That said, we do have a very diverse and large team at Basefarm, and there will without doubt be a few people who has worked with the new application your customer has provided you with. This means what the knowledge you’ll need is always around the corner or at most a phone call away (if the knowledge resides in our Norwegian office), and everyone is always more than happy to take a moment to assist you. It is however important to keep in mind that it will be your task to quickly learn this new application, as you will be responsible over it in your customer’s environment.

Can’t be prepared for what’s going to come your way

Customer contact is, as I said, just as important. Each day, you will be speaking with different people at the customer’s which you are TAM for. These conversations can range from anything from presenting ideas on how to improve their current platform, having customer meetings, hosting workshops or discussing issues with developers. I find this very interesting, and also extremely important in order to keep the platform well managed for monitoring and similar tasks.

The job as a Technical Account Manager can be both very challenging and rewarding, mainly because your scope is so big. You will for example work with pre-sale customer meetings, designing customer platforms, be part of implementing that platform, and then also have the on-going responsibility of making sure that the technical platform works as great as it can be. You will also take part of on-going meetings with your customers regarding the technical platform and your suggestions for the future.

In the end, what I like most about the position is that you can’t always be prepared for what’s going to come your way. There are usually no guide lines for how to solve something beforehand, and you have a very close connection to the customer on a day to day basis. Being able to take on new platforms and applications that you have not worked with in the past is a big requirement, as this happens very often. If you feel this challange sounds fun and interesting, send us a mail at rekrytering-se@basefarm.se !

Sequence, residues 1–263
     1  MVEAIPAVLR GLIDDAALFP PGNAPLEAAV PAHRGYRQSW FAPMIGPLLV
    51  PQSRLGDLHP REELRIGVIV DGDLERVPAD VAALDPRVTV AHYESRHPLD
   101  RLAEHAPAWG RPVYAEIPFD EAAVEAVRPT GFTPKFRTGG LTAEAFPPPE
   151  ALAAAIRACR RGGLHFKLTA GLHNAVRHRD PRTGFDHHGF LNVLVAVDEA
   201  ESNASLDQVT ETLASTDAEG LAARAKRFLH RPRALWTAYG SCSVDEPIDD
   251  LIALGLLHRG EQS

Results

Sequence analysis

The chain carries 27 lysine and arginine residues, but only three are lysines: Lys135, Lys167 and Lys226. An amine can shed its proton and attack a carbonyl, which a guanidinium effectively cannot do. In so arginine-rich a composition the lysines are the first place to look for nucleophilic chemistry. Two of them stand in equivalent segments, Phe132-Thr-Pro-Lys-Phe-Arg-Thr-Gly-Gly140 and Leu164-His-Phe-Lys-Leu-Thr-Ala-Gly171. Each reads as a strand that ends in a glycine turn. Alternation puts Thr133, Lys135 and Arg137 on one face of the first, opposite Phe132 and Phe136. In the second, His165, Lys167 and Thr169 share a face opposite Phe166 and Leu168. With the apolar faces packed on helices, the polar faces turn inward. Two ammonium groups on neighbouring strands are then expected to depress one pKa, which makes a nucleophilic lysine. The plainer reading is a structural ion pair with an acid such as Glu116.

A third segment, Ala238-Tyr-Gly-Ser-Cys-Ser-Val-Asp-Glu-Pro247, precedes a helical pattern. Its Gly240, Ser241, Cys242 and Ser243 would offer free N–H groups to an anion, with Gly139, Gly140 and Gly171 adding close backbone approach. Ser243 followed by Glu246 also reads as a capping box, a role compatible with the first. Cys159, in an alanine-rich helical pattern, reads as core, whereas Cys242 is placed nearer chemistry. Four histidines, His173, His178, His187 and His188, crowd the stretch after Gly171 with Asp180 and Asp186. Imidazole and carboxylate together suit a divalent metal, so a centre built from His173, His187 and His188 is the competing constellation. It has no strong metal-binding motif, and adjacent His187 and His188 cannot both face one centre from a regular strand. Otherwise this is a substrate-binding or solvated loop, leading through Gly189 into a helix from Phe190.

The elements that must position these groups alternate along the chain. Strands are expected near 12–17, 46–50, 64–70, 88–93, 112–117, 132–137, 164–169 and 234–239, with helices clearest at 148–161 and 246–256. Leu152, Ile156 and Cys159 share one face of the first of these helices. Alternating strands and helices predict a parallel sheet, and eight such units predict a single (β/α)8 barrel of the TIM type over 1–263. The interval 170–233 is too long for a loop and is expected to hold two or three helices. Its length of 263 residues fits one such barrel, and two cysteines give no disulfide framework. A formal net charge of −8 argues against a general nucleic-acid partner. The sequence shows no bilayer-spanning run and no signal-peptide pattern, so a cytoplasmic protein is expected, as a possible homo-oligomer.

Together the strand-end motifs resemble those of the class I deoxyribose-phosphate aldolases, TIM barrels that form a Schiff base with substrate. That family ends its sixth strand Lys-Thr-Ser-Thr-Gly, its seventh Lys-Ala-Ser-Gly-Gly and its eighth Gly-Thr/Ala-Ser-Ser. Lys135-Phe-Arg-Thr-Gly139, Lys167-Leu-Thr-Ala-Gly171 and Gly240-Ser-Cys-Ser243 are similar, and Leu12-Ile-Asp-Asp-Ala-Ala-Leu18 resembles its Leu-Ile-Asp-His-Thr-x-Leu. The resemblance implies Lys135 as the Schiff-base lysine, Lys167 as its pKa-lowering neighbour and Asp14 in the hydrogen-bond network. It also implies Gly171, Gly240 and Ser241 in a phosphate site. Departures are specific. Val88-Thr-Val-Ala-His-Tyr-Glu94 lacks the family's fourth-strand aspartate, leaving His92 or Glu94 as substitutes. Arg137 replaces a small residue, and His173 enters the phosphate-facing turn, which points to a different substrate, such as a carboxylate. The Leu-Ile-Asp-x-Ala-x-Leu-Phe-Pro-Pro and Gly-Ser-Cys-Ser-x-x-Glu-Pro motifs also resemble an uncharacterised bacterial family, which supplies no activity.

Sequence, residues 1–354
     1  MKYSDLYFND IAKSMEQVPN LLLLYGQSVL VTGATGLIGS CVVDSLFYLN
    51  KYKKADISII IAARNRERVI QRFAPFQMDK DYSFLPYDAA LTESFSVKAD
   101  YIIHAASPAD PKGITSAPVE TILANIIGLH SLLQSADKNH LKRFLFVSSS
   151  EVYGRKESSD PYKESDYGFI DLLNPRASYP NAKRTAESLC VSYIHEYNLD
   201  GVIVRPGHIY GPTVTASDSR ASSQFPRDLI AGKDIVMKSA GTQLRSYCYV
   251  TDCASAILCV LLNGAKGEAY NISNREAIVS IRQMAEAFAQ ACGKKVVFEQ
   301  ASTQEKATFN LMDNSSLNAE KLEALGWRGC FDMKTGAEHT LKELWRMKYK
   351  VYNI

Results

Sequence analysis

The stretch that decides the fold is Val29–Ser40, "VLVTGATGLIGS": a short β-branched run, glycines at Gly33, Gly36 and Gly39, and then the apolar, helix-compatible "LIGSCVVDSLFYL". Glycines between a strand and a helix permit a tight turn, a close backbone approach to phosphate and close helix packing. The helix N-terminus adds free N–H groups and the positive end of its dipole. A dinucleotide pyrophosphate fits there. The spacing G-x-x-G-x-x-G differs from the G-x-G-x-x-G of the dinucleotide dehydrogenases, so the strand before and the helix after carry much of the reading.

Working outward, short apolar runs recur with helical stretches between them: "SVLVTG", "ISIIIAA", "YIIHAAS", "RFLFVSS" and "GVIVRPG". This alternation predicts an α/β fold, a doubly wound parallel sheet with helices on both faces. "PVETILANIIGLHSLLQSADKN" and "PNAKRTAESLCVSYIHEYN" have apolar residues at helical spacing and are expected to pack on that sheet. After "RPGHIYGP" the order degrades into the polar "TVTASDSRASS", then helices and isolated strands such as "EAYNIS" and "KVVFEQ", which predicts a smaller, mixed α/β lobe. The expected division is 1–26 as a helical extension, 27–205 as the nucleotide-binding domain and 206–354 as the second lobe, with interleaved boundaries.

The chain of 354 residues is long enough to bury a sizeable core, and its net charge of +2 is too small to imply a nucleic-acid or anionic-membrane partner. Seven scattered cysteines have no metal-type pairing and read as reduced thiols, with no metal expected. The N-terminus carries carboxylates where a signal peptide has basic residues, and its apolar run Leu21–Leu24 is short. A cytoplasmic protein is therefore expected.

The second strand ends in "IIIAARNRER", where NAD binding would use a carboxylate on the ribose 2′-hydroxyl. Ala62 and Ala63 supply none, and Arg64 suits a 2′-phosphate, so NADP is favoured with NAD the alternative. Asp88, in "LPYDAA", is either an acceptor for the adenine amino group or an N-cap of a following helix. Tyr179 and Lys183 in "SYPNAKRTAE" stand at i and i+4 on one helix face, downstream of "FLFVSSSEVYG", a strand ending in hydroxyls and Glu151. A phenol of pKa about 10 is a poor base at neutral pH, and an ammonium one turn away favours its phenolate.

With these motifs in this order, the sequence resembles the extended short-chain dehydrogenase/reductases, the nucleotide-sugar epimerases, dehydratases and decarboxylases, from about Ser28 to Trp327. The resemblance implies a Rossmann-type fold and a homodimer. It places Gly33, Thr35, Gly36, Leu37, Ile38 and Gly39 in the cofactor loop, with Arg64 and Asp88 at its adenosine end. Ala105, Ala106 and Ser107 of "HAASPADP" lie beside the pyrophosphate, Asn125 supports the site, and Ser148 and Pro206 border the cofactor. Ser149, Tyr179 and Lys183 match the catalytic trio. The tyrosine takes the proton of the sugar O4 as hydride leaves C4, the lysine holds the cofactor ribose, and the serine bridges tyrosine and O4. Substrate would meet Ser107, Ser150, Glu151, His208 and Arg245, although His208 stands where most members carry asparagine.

For more information about positions available in Sweden, please visit https://www.basefarm.com/sv/jobb/

Breakfast cloud seminar with Basefarm in Stockholm!

We claim that the cloud uncertainly is a myth. Since the cloud became a household word, studies have indicated that the main concern of the IT department is how the information you store in the cloud is handled in a secure manner. How do you know that the cloud provider doesn’t abuse your information? Welcome to a morning with speakers in security and how to use cloud services in practice with concrete examples.

On May 8, 7.30-9.45 AM, we at Basefarm arrange this breakfast seminar at Grand Hotel in Stockholm. The theme is security in the cloud and with us this morning we have speakers from Truesec, TV4 and Marval. If you think this sounds interesting, you can register via Linkedin or send an e-mail to me at elin.mattsson@basefarm.se.

The seminar is free but the number of places is limited. There are already many registered and it’s first come, first served! More information about the seminar and agenda can be found on Linkedin